- A series of semi-linked adventures with touches of story arc
- A series of linked adventures along a story arc
Option 1 is the lazy one; just pick up or write a number of scenarios or adventures loosely hung together in a particular setting.
Option 2 is what I’m calling the ‘Moffat option’ – a series of episodes in the same setting, some connected, others not, but with parts of an overriding story arc connecting them, such as the River Song story in Doctor Who. This happens to be one of my favourite story lines ever in DW, partly due to the superb tongue-in-cheek characterisation by Alex Kingston. She doesn’t crop up in every episode and where she does, her story isn’t always the main part of the plot. But there have been other examples of this – David Tennant’s Bad Wolf, the Drumming and the Crack to name but three. Obviously Mr. Moffat wasn’t the first person to come up with this idea – episodic series are rife with such story arcs, but his are better than most (IMO).
Option 3 is a custom written single story line with little or no deviation from the central tale with one adventure more or less seamlessly fuguing into the next. This requires a lot of custom work from the GM or the ability to work on the fly (which I don’t possess).
I’m struggling at the moment between options 2 and 3. As a GM with a story to tell, my natural inclination is to go with The Moff – a series of semi-autonomous adventures with an over-reaching story that impinges on the players every now and then leading to a grand finale. On the other hand, I recognise the desire of my players for a more obvious story line that they can follow. My ‘touches’ are proving to be too subtle and in the absence of a lot of between-game discussion are tending to be missed. Story arc light works well when there is a lot of discussion between episodes, as there is in the online Doctor Who community (or so my wife informs me ;)).
So my inventive energy is going to be directed at pushing myself from option 2 to option 3 without breaking the game.
Normally as a GM I avoid random encounters like the plague – I’m too much of a control freak with regard to my adventures, meaning that I’m also a veteran rail-roader (though I’m trying hard not to be). Today though I was recapping on Wiggy’s PP&SS and then came across Unofficial Game’s seed table concept. The basic premise is that for an encounter you roll d8, d6 and d4, with the dice dictating Where?, What? and Weird! respectively with special events if you roll any double or triple numbers.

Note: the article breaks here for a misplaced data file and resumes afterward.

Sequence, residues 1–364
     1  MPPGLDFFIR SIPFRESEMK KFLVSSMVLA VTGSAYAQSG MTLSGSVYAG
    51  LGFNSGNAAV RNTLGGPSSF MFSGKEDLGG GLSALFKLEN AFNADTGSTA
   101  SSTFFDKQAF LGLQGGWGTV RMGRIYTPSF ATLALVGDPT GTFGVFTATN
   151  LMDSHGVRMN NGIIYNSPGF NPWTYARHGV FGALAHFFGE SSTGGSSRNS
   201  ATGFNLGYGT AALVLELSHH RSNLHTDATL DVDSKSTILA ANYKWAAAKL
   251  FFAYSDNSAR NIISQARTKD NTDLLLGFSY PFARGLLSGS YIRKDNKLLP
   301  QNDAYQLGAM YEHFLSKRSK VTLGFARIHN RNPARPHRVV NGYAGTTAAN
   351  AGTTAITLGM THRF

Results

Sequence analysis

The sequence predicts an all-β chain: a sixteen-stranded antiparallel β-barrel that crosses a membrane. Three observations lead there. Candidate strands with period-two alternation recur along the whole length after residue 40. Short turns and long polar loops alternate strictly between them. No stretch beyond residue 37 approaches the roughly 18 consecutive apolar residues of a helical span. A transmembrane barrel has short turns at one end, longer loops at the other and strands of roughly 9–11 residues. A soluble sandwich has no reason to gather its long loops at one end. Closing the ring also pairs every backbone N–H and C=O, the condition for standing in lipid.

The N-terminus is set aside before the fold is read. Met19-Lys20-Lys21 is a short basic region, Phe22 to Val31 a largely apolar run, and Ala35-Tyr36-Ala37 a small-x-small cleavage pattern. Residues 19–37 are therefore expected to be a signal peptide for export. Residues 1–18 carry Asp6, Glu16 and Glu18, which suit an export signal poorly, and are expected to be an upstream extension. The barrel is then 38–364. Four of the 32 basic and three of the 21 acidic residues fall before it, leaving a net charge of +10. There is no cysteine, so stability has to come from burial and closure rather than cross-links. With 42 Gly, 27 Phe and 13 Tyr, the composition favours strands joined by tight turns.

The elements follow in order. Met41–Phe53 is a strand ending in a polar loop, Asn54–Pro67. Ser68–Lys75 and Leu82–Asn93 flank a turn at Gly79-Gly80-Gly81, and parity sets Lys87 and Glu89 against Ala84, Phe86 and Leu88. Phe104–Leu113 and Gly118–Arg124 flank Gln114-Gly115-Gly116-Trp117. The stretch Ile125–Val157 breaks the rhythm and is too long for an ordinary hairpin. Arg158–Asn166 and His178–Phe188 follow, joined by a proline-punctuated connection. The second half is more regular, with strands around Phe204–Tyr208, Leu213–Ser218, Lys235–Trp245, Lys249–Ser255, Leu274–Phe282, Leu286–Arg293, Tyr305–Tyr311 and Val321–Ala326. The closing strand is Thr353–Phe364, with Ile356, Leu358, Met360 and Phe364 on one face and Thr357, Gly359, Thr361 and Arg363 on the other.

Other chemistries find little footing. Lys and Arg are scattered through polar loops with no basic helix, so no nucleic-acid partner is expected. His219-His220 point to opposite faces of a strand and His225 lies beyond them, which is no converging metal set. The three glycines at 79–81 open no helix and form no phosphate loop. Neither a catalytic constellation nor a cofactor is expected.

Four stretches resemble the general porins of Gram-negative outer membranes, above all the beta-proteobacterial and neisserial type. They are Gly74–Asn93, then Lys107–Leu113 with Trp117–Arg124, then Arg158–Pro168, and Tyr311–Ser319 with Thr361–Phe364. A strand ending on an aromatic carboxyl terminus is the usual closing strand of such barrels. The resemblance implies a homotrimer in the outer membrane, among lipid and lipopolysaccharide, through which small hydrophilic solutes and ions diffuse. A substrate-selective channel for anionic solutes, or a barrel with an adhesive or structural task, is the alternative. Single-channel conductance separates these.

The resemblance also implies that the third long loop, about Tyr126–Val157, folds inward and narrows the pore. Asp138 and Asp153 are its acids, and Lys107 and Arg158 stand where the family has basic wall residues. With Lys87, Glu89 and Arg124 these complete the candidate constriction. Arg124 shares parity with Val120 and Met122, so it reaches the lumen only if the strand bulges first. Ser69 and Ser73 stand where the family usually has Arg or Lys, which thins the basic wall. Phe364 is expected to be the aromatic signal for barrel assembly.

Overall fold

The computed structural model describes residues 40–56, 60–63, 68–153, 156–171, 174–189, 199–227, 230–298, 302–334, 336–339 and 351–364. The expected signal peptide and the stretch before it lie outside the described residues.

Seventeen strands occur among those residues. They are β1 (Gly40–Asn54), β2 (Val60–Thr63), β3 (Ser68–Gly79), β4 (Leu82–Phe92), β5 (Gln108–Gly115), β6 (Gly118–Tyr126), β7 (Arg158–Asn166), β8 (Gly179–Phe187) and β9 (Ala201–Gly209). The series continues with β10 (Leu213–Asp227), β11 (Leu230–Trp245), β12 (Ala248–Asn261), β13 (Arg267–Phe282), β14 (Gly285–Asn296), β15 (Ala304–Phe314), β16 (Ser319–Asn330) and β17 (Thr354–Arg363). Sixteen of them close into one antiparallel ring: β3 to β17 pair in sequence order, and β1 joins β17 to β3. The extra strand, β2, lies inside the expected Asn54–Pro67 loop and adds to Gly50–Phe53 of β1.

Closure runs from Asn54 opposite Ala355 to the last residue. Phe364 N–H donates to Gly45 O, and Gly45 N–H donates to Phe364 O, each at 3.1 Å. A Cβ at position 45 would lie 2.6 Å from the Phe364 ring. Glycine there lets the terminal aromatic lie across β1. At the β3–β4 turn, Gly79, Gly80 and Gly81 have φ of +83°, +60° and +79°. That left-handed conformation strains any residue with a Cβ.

What I really like about it is the way that it adds character to the encounters; it’s not just a bunch of random orcs (though I’m proud to say that as a GM I haven’t used orcs since I was a teenager), but there’s terrain in there too and a random element.
I think I want to add more What, have less Where and include a greater variety of Weird, so I’m going with d10/d8/d6 respectively. One thing I do note is that Unofficial Game’s Weird is a lot stronger than mine. Need to work on that a bit.
Borrowing from 50 Fathoms, encounters occur on days on which a face card is drawn.
Looking then at encounters in Legend’s Pagan Mountains then (with apologies to Unofficial for occasional plagiarism):
What? Roll d10
- 1d2 Giants
- 1d6 Dwarves
- 2d4 Bandits
- 1d3 Ogres
- 1d6 Wolves
Where? Roll d8
- On a regular path
- In a boulder field
- On a mountaintop
- At a pass
- In a forest
- Cliff face: 20+total feet in height. PC’s at base on odd and top on even.
- At a waterfall
- Across a mountain tarn
Weird! Roll d6
- In a storm (total even – electrical, total odd – blizzard)
- d4 = (1: Path Found! add one Success to total* , 2: impassable drop/chasm, backtrack required (remove one Success from total*). 3: cliff face as (Where?:6): pine forest and overgrown town)
- Runic stone
- Fog (visibility down to Large Burst Template)
If you throw a triple…
- A herd of mountain goats trample you in the storm
- The giants are throwing rocks at each other
- The dwarves are performing a secret ritual
- The bandits set off the rockfall
- The ogres are drunk, giving them a -2 penalty to all Skill rolls but also giving them the Harder to Kill and Improved Nerves of Steel Edges
- You can hear the howling, but can’t place it, even though it’s nearby. The wolves attack in waves rather than just standing still.
If any of the dice come up double…
- The game seeks refuge in a cave behind the waterfall
- The gargoyles have treasure sunk in the tarn
The party has spotted a clear path to the place they’re trying to get to. Add 2d4 Successes to their total*.
*The particular adventure I have in mind for this involves the party using their Survival skill to identify a feature of the mountains indicating the existence of an abandoned mine. Each ‘Success’ brings them half a day closer to the mine.